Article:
Opinion: What Mike Huckabee Wants to Take Away From Women

Mike Huckabee
Birth control is not about libido. It’s a form of basic preventive health care, Sandra Fluke writes Chip Somodevilla/Getty

Memo to former Arkansas Governor Mike Huckabee and the bosses at for-profit corporations who think they belong in every doctor's office and that they should be able to decide whether their employees have access to birth control: Women who use birth control do not have an "overactive libido." We are not looking for a handout from "Uncle Sugar" to score a contraceptive fix. We are not sluts. This is not the reality for women — it never has been and never will be.

In fact, women who use birth control are your mother, partner, sister, and daughter. Ninety-nine percent of sexually active American women have used birth control at some point in their lives. We are just regular people trying to take care of ourselves medically and financially. That's why seven in ten Americans believe that health insurance companies should be required to cover the full cost of birth control, just as they do for other preventive services.

Yet former Arkansas Governor Mike Huckabee stated yesterday that the Affordable Care Act's provision guaranteeing women access to no-copay birth control was created because women are oversexed. He explained, in a speech at the Republican National Committee's winter meeting, that Democrats are doing women a disservice by telling them that "they are helpless without Uncle Sugar coming in and providing for them a prescription each month for birth control because they cannot control their libido or their reproductive system without the help of government."

This comes just months before the Supreme Court is set to hear oral arguments in two cases challenging the birth control benefit, brought forward by the bosses of Hobby Lobby — an arts and crafts store chain — and Conestoga Wood Specialties – a cabinet manufacturer . They want the Supreme Court to decide that employers have the right to choose which medical procedures your insurance covers — based on the boss's personal beliefs. A decision like that could take away from many the comprehensive insurance coverage that over 27 million women are already receiving under the law, and 47 million will eventually receive.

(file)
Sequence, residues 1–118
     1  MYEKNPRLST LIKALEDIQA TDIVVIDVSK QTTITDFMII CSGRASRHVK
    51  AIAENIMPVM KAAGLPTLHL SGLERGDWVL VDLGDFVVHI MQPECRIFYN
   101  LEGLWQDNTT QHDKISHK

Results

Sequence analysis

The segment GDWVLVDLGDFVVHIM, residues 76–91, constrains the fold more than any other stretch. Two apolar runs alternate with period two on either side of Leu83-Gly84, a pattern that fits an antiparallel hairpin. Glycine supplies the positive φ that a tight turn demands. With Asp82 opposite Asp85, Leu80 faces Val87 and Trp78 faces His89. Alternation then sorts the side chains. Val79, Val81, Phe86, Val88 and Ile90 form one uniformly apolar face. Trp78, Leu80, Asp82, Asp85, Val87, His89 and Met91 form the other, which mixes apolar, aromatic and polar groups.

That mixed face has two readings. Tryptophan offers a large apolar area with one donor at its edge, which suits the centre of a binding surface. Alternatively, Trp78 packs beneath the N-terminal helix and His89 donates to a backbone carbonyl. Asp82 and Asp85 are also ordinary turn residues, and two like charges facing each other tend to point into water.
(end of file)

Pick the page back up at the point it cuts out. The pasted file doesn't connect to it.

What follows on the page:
If the Supreme Court agrees with these employers, survivors of rape could effectively be charged a rape penalty in the emergency room because their insurance doesn't cover emergency contraception, which is essentially a high dose of birth control.

It's clear that opponents of comprehensive contraception coverage do not understand why women need affordable access to birth control.

Let's stick to the facts. Birth control is not about libido. It's a form of basic preventive health care. As I testified to members of Congress nearly two years ago, many women also need birth control for medical reasons unrelated to pregnancy, including relief of painful menstrual cramps and endometriosis — a leading cause of infertility in women if left untreated.

The decision to include no-copay coverage of birth control in the Affordable Care Act was informed by years of medical research and the recommendation of the nonpartisan Institute of Medicine. Birth control is vitally important to women's physical and mental health, since it enables them to plan their pregnancies and manage their lives, expanding their opportunities.

Access to birth control is not just a health issue; it's an economic issue. When women can control their lives with birth control, they can help the economy. It allows them to take better care of themselves and their families, support themselves financially, complete their education, and keep or get a job.

According to the Shriver Report, released last week by Maria Shriver and the Center for American Progress, one-third of all American women are living at "the brink of poverty." Forty-two million women, and the 28 million children who depend on them, are "living one single incident — a doctor's bill, a late paycheck, or a broken-down car — away from economic ruin," the report reveals.

Comprehensive insurance coverage that includes no-copay birth control supports these women, and all women, in their fight to keep their family financially stable. It allows them to plan out the timing and size of their family, and for many it eliminates costly health care procedures like surgery for ovarian cancer, which birth control helps prevent.

Offensive statements like Huckabee's keep popping up because they aren't slips of the tongue. They reflect a profound disrespect for women's right to determine their own health care choices and their family's economic future. Huckabee said yesterday that, "women across America have to stand up and say, 'Enough of that nonsense.'" On that point, I couldn't agree more. A woman and her doctor, not her boss or Washington politicians, should decide what health care choices are right for her.

Sandra Fluke is a Social Justice Attorney and women's rights activist. She wrote this piece in collaboration with Planned Parenthood.